BBC Store Debuts, Encourages Viewers to Create Digital Libraries
In this world of subscription video services and always-available content, do people still want to own personal libraries of TV shows and specials? The BBC is hoping so. Today, the BBC launched BBC Store, where shoppers can buy digital copies of BBC programmes. The store is open to anyone with a U.K. credit or debit card, with TV episodes going for £1.89.
Purchased programs can be watched through the BBC iPlayer. They'll appear in a new area called My Programmes. Shoppers can access the store through a web browser or through the iPlayer. For offline viewing, shoppers will need to download the BBC Store Downloader on a Windows or Mac computer. The BBC says that phone and tablet apps will be coming soon, but didn't offer a timeframe.
Shoppers will be able to purchase many programs the day after they air. The store will include some exclusive content, such as Top Gear: The Races, a special where Matt LaBlanc narrates favorite moments from the show's racing history. Shoppers will also get first access to a special called Top Gear: Greatest Hits.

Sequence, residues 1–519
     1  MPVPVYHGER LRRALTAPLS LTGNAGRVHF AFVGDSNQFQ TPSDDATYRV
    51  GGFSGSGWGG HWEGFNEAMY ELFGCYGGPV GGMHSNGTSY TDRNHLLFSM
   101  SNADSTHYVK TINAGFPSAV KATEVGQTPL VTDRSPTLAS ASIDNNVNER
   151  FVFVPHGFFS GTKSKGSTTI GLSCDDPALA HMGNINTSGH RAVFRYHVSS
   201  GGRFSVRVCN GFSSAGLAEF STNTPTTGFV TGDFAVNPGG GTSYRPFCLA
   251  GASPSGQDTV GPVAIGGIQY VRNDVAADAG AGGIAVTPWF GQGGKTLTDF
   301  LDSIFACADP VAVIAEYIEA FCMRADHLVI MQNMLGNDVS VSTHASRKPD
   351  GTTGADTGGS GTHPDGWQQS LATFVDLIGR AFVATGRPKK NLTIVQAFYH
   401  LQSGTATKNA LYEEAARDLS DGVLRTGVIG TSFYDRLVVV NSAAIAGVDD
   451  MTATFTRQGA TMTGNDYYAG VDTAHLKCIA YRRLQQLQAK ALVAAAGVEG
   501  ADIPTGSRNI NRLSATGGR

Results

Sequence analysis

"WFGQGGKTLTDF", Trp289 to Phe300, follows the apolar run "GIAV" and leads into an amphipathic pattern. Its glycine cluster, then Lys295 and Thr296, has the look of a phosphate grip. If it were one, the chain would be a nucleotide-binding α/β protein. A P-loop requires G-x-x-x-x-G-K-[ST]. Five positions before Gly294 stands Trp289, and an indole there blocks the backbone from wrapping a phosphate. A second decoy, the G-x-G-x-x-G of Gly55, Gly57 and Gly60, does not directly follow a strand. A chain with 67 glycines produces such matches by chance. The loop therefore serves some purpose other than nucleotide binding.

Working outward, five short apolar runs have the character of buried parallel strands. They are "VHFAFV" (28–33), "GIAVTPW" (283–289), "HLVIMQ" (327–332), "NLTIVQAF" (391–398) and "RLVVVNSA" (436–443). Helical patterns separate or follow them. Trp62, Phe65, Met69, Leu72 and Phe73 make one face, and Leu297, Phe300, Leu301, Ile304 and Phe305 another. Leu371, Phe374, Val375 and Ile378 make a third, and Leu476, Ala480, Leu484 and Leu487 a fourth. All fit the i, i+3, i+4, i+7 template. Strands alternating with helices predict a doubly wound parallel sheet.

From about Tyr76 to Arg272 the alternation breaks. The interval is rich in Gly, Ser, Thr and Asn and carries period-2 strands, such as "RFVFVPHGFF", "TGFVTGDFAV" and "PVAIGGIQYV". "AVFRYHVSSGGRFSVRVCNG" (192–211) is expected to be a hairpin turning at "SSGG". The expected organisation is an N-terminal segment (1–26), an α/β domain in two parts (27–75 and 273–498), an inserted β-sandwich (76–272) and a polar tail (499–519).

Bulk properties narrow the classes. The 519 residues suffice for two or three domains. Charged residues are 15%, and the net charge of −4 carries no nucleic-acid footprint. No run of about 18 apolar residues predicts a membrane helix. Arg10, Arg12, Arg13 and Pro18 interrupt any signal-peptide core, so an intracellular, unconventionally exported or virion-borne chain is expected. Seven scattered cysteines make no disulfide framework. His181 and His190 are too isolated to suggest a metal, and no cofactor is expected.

As a limited time offer, shoppers registering with the store can get 25 percent off their first purchase. BBC Store is run by BBC Worldwide, the BBC's commercial arm.
With a mix of archived content from various networks plus original series, the BBC hopes to stand up to more established subscription services.
In a move to compete with OTT services such as Netflix and make the organisation more nimble, BBC is embracing digital-first, including an "object-based" approach to its video workflows
BBC Director General Tony Hall proposed a Netflix-style business model for iPlayer as part of sweeping changes that include children's version of iPlayer and online BBC Newstream to replace 24-hour news channel
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